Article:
The pathogenic groups identified by the Advisory Group also aligned well with the WHO priority pathogen list released in 2017[5].

Selection of study sites and target patient populations

Six nodal centres (NCs) for each pathogenic group were identified in four tertiary care hospitals [6] [Figure 1] and [Box 1]. The principal investigators were identified for each NC and their roles and responsibilities were defined. The NC has been assigned the responsibility for antimicrobial susceptibility testing (AST), carrying out in-depth studies on resistance mechanisms and genetic marker analysis, provide training and also act as repository for isolates relevant to their pathogenic group. The surveillance network is managed by the coordinating centre at ICMR Headquarters, New Delhi, along with their NC [6] [Figure 1].
Figure 1: Nodal and regional centres for Antimicrobial Resistance Surveillance & Research Network System. AIIMS, All India Institute of Medical Sciences; CMC, Christian Medical College; ICMR, Indian Council of Medical Research; JIPMER, Jawaharlal Institute of Postgraduate Medical Education & Research; PGIMER, Postgraduate Institute of Medical Education and Research.

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Sixteen regional laboratories (regional centres, RCs) were included from tertiary care hospitals to provide data and fixed number of isolates for each pathogenic group [6]. The participating hospital sites were chosen based on the population attending the hospital, number of faculty, number of samples received and processed at the microbiology laboratory and to ensure that a pan Indian geographic representation of isolates was attained. The regional laboratories provide data for all the pathogenic groups, carry out AST and transfer fixed number of isolates to NCs periodically.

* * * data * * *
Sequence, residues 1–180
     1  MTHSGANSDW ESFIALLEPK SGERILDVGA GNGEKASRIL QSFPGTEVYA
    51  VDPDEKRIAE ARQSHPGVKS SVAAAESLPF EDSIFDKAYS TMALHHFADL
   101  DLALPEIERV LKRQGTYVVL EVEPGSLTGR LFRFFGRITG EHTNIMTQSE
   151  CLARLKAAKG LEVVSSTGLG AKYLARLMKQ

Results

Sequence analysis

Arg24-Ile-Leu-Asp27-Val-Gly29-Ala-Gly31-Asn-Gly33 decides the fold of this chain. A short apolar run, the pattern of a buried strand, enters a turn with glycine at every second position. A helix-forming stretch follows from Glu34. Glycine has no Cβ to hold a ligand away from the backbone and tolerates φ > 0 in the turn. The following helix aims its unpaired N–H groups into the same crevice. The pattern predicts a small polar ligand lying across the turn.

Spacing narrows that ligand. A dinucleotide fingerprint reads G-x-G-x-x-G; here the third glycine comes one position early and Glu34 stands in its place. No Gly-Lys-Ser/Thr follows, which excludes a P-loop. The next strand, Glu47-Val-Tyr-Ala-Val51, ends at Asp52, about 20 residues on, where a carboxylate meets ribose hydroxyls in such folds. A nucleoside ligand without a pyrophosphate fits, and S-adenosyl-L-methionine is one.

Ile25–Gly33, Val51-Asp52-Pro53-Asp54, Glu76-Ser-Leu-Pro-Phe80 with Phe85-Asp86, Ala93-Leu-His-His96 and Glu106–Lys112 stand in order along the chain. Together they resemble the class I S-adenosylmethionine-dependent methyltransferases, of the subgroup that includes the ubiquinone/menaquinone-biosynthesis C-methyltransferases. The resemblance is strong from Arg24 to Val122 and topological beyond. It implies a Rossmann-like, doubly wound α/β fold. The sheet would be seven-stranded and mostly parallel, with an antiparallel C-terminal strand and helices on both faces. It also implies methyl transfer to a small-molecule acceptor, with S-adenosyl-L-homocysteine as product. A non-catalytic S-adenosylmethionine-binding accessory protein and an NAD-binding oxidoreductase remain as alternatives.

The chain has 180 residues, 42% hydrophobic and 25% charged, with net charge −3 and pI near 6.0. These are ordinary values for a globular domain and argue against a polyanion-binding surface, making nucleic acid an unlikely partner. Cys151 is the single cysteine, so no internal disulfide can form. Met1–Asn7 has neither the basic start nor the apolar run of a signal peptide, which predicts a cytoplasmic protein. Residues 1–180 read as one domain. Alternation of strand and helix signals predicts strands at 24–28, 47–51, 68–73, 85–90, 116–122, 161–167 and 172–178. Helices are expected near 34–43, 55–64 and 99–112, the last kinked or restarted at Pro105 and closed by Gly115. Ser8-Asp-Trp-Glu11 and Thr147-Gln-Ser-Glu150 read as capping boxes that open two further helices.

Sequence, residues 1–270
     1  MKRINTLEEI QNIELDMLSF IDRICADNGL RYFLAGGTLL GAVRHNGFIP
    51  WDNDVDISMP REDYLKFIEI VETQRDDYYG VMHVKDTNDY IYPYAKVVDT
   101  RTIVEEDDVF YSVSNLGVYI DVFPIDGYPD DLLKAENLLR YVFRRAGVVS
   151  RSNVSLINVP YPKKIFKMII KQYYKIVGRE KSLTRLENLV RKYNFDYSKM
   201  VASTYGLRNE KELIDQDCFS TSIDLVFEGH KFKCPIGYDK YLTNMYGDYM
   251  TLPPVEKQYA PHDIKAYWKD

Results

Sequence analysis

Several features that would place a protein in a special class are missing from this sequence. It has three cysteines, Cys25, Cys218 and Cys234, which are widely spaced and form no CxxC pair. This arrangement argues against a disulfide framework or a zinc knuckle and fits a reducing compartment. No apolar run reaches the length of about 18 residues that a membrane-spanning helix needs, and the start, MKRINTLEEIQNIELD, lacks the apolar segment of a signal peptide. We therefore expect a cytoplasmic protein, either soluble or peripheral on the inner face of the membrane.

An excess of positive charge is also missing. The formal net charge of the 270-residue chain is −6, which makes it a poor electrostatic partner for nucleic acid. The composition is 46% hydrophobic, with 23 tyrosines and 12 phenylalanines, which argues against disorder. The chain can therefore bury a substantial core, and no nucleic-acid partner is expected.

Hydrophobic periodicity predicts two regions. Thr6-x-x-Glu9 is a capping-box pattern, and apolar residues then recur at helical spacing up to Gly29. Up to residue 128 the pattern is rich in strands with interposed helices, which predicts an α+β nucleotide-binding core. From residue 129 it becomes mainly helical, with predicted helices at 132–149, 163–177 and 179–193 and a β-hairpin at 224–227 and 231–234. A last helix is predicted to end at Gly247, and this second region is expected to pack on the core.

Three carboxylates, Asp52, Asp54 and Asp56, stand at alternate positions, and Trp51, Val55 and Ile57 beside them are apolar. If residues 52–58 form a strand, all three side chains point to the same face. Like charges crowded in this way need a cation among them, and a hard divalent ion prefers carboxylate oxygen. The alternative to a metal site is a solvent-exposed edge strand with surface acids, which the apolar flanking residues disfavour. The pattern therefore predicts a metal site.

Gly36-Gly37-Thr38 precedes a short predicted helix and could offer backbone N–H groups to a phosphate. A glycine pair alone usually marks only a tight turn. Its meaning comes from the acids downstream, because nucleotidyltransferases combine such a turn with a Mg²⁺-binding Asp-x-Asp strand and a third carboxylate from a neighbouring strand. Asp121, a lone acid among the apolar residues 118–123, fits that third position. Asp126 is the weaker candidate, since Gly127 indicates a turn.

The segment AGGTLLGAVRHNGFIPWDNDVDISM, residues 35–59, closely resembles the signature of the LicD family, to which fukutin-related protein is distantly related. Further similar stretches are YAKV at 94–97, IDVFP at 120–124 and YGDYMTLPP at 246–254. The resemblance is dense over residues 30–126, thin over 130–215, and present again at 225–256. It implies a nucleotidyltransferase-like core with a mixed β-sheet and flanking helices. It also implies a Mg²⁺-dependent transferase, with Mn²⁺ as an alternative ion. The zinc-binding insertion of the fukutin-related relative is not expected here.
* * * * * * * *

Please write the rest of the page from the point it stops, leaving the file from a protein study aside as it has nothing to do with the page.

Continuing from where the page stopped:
One of the main objectives of establishing this Network was to bring about harmonization and uniformity in the AMST procedures being followed for bacteriology and mycology. This was accomplished by formulating standard operating procedures (SOPs) on bacteriology and mycology, based on the Clinical Laboratory Standards Institute (CLSI) guidelines [7],[8]. The SOPs are revised periodically to include the changes proposed by CLSI and are used for trainings of all the participating hospitals.

Sampling sites, sample inclusion and exclusion criteria and organisms

Schematic view of workflow for AMRSN system is depicted in [Figure 2]A. All hospitals included in network are tertiary care hospitals having established clinical microbiology laboratories. Both the NCs and RCs follow SOPs formulated by the ICMR to collect resistance data [9],[10]. While the RCs carry out only AMST, the NCs focus on the identified resistant organisms and carry out detailed molecular studies on the respective group of pathogens [Figure 2]B.
Figure 2A: Flow diagram depicting the study algorithm for AMRSN system. AMR, antimicrobial resistance; BAL, bronchoalveolar lavage; CLSI, Clinical & Laboratory Standards Institute; CSF, cerebrospinal fluid; ETA, endotracheal aspirate; ICMR, Indian Council of Medical Research.
Figure 2B: The structure of Indian Council of Medical Research Antimicrobial Resistance Surveillance & Research network, guiding principles and roles and responsibilities of nodal center and regional centers. AMST, Antimicrobial Susceptibility Testing; NC, Nodal Center; RC, Regional Center; DR, drug resistant; DS, drug sensitive.

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Antimicrobial susceptibility testing